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Confusion about the economic value of an extra day

Leap Day Williams featured from the NBC television show 30 Rock
Souce: NBC
Leap Day Williams featured from the NBC television show 30 Rock

Having an extra day in the year means people will spend more money, but that doesn't mean everybody will earn more.

That's why there's no easy answers when determining the economic impact of Leap Day, which was making its quadrennial appearance Monday.

If every day were indeed equal, then the simplest way to look at it would be to see how it affects total output. The extra day is worth an additional 1/365th of U.S. GDP, or about $50 billion. That's more than the annual GDPs of four states: Montana, South Dakota, Wyoming and Vermont.

But, and this is a big but: Not everything costs more on Leap Day. If you're a salaried worker, then you don't cost more to your employer. Your work is free that day. They pay you the same amount for the year, and you get the privilege of working an extra day. Gee thanks, physics.

The opposite is true for variable and usage-based prices. If you're paid on an hourly or daily basis, then an extra day of work is truly an extra day of pay. (One super small detail for those who care. This year's Feb. 29 pushes Dec. 31 to Saturday, so for the case of 2016, we didn't gain an extra work day).

Now let's look at costs to the consumer: Your cable bill, mortgage, Netflix bill, insurance and any other fixed monthly bill all stay the same, because those are fixed each month. You pay $10 to binge-watch "30 Rock" no matter if there's 31 or 28 days in the month.

But variable costs like gas, food, electricity usage all go up. If you're a salaried employee who has to pay extra for a tank of gas to drive to work and buy another lunch, then the day costs you more than it benefits you. If you're an hourly employee who can walk to work, then perhaps you profited overall. All that extra income, without much spent to earn it. About half of Americans are paid hourly, not salaried.

Yes, as far as official GDP rates go, the U.S. government does "adjust" away the effects of the extra day, but that's just math. In reality, there's true growth that happens on Leap Day, which is why there had to be an adjustment in the first place. What we don't know is if the adjustment is actually the correct one. Did they adjust enough, or too much? Some people get paid more, but not everybody. We all pay more for expenses, but not for every expense.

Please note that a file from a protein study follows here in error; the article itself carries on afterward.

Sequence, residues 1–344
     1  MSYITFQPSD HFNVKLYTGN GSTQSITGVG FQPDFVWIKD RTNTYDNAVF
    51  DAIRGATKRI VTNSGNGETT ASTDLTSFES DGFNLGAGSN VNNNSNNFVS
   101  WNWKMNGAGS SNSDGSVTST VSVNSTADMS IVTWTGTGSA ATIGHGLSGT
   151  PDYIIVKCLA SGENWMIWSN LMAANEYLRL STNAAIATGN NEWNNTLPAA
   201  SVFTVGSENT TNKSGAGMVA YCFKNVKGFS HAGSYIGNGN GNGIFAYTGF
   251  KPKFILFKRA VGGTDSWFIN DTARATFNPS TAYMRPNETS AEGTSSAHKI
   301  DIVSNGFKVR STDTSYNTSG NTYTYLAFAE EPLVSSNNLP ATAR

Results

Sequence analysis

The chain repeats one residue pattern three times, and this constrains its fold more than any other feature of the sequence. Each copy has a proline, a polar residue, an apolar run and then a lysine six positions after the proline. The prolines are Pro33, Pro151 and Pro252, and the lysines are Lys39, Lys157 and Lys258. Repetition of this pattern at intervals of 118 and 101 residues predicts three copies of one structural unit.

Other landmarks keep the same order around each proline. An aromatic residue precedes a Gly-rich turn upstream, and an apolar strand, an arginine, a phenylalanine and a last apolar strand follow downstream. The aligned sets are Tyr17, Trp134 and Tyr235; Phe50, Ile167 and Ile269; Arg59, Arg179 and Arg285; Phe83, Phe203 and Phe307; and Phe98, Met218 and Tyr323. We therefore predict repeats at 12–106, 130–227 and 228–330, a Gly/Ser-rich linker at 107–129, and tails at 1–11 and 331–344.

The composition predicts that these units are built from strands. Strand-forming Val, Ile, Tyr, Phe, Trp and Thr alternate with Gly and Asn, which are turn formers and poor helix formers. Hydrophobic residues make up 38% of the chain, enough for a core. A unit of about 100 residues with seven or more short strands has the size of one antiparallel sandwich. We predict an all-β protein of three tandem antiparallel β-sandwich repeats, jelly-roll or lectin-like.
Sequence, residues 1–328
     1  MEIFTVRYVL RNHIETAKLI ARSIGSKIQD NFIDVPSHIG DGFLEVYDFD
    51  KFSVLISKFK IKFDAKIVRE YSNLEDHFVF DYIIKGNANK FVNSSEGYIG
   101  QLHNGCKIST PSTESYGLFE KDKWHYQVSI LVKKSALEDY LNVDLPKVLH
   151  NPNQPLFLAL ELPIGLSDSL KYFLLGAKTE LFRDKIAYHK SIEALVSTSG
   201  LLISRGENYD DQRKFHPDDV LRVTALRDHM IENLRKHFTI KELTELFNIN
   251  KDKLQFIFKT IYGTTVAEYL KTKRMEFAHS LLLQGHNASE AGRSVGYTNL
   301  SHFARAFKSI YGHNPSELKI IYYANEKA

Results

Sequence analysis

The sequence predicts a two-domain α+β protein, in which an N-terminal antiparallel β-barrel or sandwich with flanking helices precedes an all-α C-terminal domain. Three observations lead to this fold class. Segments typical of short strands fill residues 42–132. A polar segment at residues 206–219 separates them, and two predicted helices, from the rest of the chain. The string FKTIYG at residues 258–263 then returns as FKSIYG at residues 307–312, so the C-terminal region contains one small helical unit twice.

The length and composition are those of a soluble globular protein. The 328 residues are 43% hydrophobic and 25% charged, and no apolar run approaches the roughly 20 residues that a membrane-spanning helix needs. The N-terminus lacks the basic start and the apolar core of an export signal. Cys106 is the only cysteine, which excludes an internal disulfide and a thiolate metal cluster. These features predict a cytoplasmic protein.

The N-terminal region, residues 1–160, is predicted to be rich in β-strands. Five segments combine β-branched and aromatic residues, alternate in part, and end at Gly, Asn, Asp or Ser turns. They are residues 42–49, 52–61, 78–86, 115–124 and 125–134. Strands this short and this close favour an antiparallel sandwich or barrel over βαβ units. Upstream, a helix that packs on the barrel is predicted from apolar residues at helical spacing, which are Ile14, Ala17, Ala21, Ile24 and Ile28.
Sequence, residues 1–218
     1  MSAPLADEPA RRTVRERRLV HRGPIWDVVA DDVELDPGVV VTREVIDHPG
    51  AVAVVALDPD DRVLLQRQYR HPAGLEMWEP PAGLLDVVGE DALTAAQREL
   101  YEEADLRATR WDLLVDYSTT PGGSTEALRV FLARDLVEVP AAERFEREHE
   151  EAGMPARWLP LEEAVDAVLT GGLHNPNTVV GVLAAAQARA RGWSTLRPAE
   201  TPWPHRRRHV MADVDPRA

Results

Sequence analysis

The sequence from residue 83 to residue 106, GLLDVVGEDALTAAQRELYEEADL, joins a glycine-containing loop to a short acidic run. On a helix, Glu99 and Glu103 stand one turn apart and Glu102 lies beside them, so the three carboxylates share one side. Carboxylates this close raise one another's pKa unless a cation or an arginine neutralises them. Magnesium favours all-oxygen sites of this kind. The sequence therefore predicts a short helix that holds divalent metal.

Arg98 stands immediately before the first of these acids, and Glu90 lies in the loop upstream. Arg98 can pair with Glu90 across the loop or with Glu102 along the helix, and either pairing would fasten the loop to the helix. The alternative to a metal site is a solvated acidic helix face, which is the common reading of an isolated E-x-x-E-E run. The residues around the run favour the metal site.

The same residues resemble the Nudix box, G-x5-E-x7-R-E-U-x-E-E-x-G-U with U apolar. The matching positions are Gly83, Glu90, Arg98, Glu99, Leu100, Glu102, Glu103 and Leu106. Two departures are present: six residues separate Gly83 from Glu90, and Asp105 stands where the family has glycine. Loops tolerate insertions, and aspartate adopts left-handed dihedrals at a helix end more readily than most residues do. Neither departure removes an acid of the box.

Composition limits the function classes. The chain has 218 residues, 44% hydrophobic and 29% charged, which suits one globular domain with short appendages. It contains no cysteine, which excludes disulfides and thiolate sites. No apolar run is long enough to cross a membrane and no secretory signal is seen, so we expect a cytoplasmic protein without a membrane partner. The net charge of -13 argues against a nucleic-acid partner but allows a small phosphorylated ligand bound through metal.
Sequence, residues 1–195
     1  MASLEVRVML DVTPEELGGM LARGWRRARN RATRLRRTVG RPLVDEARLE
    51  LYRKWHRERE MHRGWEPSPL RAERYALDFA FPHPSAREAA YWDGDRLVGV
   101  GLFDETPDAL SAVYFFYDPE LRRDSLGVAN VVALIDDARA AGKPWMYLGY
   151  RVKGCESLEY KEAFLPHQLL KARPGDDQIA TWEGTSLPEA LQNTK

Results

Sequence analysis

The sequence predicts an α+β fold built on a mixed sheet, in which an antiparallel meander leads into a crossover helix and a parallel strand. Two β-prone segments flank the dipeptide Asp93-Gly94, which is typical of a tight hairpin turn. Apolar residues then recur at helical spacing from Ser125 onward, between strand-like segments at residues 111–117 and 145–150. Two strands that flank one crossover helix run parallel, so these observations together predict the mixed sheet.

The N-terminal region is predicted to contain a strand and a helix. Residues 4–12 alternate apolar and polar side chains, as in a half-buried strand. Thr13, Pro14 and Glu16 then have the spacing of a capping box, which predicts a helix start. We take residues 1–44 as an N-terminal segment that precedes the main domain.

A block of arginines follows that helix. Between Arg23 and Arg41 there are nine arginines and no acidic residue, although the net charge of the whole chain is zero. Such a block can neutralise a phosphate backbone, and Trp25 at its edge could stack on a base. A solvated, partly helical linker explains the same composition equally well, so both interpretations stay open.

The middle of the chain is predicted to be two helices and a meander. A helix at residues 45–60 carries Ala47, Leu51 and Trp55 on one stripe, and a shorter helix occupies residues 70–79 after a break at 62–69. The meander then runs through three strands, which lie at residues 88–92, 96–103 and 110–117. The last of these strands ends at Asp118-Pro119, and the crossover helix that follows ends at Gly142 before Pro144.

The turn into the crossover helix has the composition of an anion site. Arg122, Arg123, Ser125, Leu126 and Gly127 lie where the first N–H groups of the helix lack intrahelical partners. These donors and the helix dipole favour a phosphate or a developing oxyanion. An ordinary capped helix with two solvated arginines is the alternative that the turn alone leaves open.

Note that not every government agency makes an adjustment. A spokesman for the Bureau of Labor Statistics said it makes no Leap Day adjustment to the monthly jobs report. The bureau doesn't adjust for the extra day because the experts don't know the extent of the shift. They know it moves the needle, just not how much.

Many emerging markets, such as China, don't make any adjustment at all to their GDP numbers. That's one reason why China's 2013 growth number fell short of estimates, having a day fewer than it did in 2012.

The U.K. Office for National Statistics — Britain's version of the BLS — adjusts GDP to make all Februaries comparable, according to the Telegraph. February is counted as 28 and a quarter days long every year, regardless of leap years

For trading markets or unadjusted economic data, the extra day is about 1 percent more days in the quarter. Annualizing that quarterly data means multiplying it by four, which translates to a 4 percent annualized jump. That's big if not properly dealt with.

But the actual day isn't notable in the markets. Of the past 10 Feb. 29ths, the S&P 500 was up on five, down on five.

There have been several proposals and petitions to make Feb. 29 a national holiday. Part of the reasoning is because some people feel they are unfairly working for that day. Others suggest that a national holiday would be a bigger benefit to the economy. Business and total spending could benefit if people went out and did new and interesting things. Think of Memorial Day or July 4. Consumers might spend more than if it were a normal workday.